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Back to school and back to work - but are we focusing on the wrong sort of virus?

Next week, children in England and Wales will be going back to school, following in the footsteps of their peers in Northern Ireland and Scotland. And it is likely, that many parents will also now start going back to their original workplace.

Much discussion has been held about the need for strict social distancing, bubbles and how children are low transmitters of the virus. How the benefits of being in school outweigh the risk of missing out on friendships, social interaction and face to face teaching. How the economy needs workers in offices to function properly (this is not a line I tend to agree with, there is no difference in me spending my £ in a local coffee shop or a large multinational coffee chain other than the local coffee shop probably needs and appreciates it more).

But in all the news stories and online chats, little has been said about how this new normal will affect ways of working and learning. Whilst many will go back go classrooms and offices, it seems that a blended approach is going to be more usual - with a mixture of working and learning from home blended with being in the same room as colleagues and friends.

This means that employees will continue to work in their home environment - often using their own equipment. And in my son's school, children will be using home provided laptops to support and augment traditional learning methods.

This brings new risks to schools and employers - how do you adequately protect sensitive data, how do you prevent the introduction of malware and viruses into your environment? A single infected device could wreak havoc on your organisation - infecting other devices, worming its way to your central servers and accessing - or preventing access - to crucial data and information.

You can't guarantee that you won't get a virus - Covid related or otherwise, but you can take some simple steps to reduce your risk:

  • Keep updated - with the latest government advice, with the latest advice from experts such as NCSC, patch and install software upgrades onto your device regularly

  • Protect yourself - wear a mask, wash your hand, use a firewall and install antivirus and malware protection software

  • Keep your distance - stay at least 1 metre away from people not in your household, maintain strong passwords (and biometric sign on) for every user and account on your device, don't click on links in emails or text messages unless absolutely certain that they are genuine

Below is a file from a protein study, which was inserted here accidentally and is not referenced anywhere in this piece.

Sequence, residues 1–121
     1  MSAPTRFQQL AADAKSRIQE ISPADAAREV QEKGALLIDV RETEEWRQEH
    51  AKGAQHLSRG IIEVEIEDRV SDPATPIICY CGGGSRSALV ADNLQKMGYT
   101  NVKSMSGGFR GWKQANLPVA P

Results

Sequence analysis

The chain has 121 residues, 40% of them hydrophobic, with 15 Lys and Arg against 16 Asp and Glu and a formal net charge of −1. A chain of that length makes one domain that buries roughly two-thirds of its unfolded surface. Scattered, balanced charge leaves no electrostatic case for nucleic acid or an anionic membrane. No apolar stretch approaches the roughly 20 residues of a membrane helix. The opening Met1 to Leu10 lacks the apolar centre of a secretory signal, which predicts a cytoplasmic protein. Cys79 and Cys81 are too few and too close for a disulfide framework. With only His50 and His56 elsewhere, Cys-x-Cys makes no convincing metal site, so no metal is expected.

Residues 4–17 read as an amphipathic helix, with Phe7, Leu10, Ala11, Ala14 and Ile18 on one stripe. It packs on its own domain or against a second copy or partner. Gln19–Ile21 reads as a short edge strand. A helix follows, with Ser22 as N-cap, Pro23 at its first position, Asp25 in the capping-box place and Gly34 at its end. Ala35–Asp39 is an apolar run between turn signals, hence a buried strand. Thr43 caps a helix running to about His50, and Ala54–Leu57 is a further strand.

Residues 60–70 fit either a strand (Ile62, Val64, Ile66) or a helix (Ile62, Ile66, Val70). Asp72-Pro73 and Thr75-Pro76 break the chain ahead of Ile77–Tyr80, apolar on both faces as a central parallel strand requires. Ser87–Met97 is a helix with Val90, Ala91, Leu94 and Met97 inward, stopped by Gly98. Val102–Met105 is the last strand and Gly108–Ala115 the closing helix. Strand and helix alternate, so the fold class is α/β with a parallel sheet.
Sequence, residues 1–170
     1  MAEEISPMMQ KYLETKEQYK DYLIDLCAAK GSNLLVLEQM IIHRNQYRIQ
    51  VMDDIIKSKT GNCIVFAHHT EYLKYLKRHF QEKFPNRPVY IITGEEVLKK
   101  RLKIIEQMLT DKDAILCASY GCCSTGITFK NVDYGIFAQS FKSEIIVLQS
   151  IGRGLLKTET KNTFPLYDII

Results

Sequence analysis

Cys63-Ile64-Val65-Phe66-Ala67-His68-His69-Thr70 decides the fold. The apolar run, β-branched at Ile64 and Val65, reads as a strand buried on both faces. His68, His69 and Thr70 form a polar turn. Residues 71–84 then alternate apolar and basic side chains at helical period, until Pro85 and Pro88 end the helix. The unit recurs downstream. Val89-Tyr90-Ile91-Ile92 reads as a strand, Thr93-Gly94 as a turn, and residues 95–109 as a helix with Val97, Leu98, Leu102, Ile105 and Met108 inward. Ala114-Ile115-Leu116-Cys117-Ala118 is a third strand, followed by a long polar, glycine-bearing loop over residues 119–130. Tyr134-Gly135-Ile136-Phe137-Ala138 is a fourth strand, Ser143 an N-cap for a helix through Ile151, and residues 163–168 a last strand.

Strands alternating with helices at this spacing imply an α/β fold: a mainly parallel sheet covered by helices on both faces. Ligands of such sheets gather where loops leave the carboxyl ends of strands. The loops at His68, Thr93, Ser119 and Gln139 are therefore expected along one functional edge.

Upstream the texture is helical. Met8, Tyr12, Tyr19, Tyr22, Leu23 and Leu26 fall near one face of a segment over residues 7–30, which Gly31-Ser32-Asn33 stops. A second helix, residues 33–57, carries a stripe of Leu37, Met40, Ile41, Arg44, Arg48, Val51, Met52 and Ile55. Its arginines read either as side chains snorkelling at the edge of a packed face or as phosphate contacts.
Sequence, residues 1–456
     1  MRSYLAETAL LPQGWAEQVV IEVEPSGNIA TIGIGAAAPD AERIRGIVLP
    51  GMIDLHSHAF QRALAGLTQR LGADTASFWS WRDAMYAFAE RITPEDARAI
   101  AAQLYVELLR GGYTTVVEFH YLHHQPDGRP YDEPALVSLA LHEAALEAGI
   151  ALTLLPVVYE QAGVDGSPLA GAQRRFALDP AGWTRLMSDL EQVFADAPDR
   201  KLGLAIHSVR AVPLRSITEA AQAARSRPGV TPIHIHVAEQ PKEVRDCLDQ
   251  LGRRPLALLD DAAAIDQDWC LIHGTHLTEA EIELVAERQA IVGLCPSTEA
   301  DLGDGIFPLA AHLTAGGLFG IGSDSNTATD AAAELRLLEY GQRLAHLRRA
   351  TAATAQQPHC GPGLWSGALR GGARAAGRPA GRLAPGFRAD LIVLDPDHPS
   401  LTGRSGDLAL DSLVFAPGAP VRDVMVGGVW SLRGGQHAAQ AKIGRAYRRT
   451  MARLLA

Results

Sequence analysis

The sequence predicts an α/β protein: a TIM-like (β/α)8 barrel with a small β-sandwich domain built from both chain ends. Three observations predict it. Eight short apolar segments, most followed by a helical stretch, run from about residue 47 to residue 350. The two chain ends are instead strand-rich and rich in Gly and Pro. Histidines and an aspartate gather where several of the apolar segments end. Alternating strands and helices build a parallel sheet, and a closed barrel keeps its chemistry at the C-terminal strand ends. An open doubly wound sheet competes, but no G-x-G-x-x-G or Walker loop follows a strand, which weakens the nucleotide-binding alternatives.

These are difficult times for all of us - and research shows that when people are stressed or working in strange environments, they are more likely to make mistakes. When this happens is not the time to berate people or give them a hard time. They will already feel embarrassed and worried about what has happened. Take some time to understand and consider the consequences - is your data at risk, could it spread to other accounts and environments? Think first, act later doesn't sit well in modern culture, but is good advice in current times. Have a checklist of questions to identify the situation and likely impact and run through that (even if only pausing for 30 seconds to do so) before deciding what action to take. This also provides time to relax down from a state of heightened anxiety and enables more measured, practical responses.

In 2016, the US National Institute of Standards and Technology (NIST) published it's report - 'User's Guide to Teleworking and Bring Your Own Device (BYOD) Security' which is well worth a read. In the UK, the National Cyber Security Centre (NCSC) has issued guidance for small businesses and families alike

At RTG Commercial Services, we specialise in helping organisations identify potential vulnerabilities and develop robust actionable plans to fix them. We are also working remotely, have managed lockdown and home-schooling - and looking forward to going back to school. We will be taking our own advice to protect ourselves and our devices - and if we can help you, please do get in touch!

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